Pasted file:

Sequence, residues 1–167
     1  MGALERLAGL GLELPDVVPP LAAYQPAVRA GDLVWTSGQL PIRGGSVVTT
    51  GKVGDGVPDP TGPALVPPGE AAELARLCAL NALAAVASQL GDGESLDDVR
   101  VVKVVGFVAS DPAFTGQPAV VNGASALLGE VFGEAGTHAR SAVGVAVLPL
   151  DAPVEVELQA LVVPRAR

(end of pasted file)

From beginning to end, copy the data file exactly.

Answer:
Sequence, residues 1–167
     1  MGALERLAGL GLELPDVVPP LAAYQPAVRA GDLVWTSGQL PIRGGSVVTT
    51  GKVGDGVPDP TGPALVPPGE AAELARLCAL NALAAVASQL GDGESLDDVR
   101  VVKVVGFVAS DPAFTGQPAV VNGASALLGE VFGEAGTHAR SAVGVAVLPL
   151  DAPVEVELQA LVVPRAR